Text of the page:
9 Tips to Make the Mold Buying Process Easier
It can be complicated to buy an injection mold, as there will likely be a lot of back and forth between buyer and contract molder before the final product is settled on. However, the following tips can help save you plenty of time, and make the whole process that little bit easier.
- Create an RFQ that goes into a lot of details.As skilled as moldmakers are, they won’t be able to read your mind when it comes to what you’re looking for. Include as many specifics as you can at this stage, including the number of cavities, the steel, the desired lifespan of your mold, and any guarantees that you might need. If you aren’t too sure on any of these topics, then tell your moldmaker, and they will be able to help you settle on what’s right for your needs. The more accurate you make your RFQ, the more accurate a quote you will receive in return.
- Be open about why you want a quote. If you simply need a general quote to pass on to another department, then let the moldmaker know- they will then be able to get back to you quickly. Creating an accurate quote can take a lot of time, and it’s not fair to waste the moldmaker’s time if you don’t need that much detail, or if you might not even buy from them.
- Don’t infringe on a moldmaker’s intellectual property. The ideas and suggestions offered by your moldmaker remain their intellectual property- you can’t simply take those suggestions to someone else to do it for you. If you settle on a different moldmaker, then take their suggestions on board- not only is using someone else’s ideas not okay, but it could also confuse the final moldmaker, who won’t understand exactly why those suggestions were made in the first place.
- Think about forming a partnership with your moldmaker. By working closely with your moldmaker when it comes to budgets, timetables, and part quantity expectations, you’ll be able to work as a team to achieve better results in the long run.
- Keep an open line of communication with your moldmaker throughout the process. Plenty of moldmakers will be happy to provide regular progress reports and keep you updated on the latest developments with your build. It’s important that you know everything is proceeding to schedule, so if you need any information, be sure to ask so that you can put your mind at ease.
- Ensure you always make your payments on time. Most moldmakers work to a tight budget and require expenses to be paid up-front before they can proceed with your build. If you delay making payments, then you won’t get your mold on time- it’s as simple as that. Different moldmakers will offer different payment plans, so talk with them to figure out a plan that works for both of you.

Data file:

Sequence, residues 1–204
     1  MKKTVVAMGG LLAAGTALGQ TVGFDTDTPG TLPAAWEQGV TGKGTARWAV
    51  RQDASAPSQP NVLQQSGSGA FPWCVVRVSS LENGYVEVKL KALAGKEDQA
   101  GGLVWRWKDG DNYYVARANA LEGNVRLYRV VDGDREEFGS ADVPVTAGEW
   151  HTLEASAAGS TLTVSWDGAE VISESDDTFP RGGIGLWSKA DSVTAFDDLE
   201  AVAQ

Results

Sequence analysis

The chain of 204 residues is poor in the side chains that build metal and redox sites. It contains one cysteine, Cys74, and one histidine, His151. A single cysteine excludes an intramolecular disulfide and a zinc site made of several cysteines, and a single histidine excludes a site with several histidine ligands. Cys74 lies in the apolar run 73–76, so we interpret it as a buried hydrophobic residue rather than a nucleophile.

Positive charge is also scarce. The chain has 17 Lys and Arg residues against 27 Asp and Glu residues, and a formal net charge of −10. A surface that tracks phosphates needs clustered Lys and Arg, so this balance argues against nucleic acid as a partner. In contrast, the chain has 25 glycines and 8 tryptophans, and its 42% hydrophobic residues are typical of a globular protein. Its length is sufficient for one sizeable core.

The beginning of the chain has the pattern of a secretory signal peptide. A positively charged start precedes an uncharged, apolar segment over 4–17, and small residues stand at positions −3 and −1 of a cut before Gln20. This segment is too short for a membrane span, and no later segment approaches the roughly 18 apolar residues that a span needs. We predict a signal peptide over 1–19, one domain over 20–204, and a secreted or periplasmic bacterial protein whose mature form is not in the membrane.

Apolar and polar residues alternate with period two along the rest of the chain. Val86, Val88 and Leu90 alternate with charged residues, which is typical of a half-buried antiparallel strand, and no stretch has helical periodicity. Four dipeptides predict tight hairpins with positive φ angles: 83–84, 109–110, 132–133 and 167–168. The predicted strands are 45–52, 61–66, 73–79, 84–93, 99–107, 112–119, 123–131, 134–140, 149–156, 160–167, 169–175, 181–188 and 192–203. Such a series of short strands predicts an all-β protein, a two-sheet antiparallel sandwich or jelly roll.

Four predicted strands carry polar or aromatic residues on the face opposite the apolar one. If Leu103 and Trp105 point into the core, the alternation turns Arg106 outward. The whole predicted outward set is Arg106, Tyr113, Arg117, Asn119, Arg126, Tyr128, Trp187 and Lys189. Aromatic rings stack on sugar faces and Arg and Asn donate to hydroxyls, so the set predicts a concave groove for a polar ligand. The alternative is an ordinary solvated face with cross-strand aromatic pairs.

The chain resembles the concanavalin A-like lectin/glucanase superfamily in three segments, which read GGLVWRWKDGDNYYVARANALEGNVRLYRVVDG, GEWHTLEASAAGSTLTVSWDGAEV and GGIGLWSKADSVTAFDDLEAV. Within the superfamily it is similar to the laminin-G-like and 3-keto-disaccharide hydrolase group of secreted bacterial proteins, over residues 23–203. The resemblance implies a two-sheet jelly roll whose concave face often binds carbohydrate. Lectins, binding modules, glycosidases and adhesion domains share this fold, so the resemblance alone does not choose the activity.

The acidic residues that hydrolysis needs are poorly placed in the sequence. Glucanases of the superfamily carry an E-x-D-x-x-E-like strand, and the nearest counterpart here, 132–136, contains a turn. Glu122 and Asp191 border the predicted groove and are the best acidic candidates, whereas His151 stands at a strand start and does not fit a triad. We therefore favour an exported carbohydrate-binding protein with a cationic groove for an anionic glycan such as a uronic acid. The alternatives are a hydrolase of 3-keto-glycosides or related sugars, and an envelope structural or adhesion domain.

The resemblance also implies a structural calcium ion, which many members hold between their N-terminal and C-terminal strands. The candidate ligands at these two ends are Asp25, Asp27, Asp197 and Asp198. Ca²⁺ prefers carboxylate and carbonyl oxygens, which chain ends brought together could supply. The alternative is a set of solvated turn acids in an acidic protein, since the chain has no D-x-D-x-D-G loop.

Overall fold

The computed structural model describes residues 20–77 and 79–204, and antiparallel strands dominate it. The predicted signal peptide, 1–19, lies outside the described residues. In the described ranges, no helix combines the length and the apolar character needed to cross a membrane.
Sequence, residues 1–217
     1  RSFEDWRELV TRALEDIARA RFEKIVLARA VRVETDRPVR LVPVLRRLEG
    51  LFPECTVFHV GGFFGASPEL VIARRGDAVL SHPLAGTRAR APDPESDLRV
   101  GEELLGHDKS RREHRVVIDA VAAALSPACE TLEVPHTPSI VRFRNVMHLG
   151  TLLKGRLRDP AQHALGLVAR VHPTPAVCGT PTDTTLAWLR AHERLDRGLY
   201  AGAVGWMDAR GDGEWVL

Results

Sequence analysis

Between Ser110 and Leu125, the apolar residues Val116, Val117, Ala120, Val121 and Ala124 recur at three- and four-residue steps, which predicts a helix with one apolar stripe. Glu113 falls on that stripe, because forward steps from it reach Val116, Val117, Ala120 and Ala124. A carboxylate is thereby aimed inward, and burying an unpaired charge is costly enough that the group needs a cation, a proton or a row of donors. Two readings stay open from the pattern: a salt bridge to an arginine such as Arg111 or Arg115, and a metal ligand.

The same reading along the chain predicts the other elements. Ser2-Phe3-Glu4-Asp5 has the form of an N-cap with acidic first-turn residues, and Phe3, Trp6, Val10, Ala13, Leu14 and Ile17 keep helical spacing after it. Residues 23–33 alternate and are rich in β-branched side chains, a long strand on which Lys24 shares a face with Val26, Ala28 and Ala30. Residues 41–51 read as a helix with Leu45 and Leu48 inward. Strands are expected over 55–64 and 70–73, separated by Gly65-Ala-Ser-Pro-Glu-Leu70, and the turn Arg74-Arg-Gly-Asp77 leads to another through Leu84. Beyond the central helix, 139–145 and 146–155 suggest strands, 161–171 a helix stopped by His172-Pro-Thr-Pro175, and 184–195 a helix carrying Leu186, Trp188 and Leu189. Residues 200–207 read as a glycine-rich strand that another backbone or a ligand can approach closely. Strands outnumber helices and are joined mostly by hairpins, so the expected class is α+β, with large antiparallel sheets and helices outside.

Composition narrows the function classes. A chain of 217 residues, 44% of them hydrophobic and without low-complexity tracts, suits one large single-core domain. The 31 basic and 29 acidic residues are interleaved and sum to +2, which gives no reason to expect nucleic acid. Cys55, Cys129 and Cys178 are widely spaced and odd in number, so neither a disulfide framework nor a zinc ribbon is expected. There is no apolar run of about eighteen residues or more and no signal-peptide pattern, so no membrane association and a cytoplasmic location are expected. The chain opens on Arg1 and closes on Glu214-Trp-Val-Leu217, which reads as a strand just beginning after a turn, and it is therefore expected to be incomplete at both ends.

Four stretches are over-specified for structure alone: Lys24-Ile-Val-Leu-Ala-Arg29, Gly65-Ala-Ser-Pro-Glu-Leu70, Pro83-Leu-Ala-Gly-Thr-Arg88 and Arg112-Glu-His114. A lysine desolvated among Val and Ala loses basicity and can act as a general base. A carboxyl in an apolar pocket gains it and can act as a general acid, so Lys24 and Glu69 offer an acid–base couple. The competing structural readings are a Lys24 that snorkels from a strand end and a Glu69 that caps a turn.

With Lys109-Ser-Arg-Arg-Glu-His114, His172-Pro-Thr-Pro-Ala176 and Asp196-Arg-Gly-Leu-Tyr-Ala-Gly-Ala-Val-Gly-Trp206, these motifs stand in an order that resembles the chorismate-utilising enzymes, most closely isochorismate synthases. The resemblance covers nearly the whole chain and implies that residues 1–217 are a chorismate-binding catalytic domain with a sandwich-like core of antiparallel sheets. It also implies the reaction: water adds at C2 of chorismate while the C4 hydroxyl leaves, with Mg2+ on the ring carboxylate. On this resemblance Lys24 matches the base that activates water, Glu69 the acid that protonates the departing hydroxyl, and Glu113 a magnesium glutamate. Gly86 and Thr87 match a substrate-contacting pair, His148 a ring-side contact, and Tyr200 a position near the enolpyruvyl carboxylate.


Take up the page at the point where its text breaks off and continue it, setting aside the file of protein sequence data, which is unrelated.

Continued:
- Changing your part design will likely mean changing the injection mold itself. If you wind up making changes to your part design while the injection mold is being produced, you will be unlikely to get the mold at a price quoted, or to the original timeframe. Any changes will mean the mold has to be altered accordingly, which adds to both the cost and the time of the mold build.
- Know in advance when your mold will be There are different definitions for a completion date- they could range from when the final payment is made, to when you receive a sample part, to shipment of the final product. In most cases, an injection mold is considered complete when it is ready to produce the part it is intended for. The majority of moldmakers will be willing to make small changes towards the end of the process in order to make a part according to print dimensions. If these dimensions change late in the game, then the injection mold may still be considered complete- any additional changes will have to be paid for via an engineering change order, or ECO.
- If something is cheap, there’s usually a reason behind it. While there will be moldmakers out there who offer a cheaper-than-average rate for a quality product, there will be plenty of others who offer discounts because they cut costs themselves. In the long run, it’s better to pay good money for a high-quality product, instead of getting stung by a mold that doesn’t meet your standards.
When buying an injection mold, that age-old adage is certainly true- you get what you pay for. Any molded components that you produce will only be as good as the mold that you used to make them, so you should ensure your injection mold is perfectly suited to your needs- before you buy it.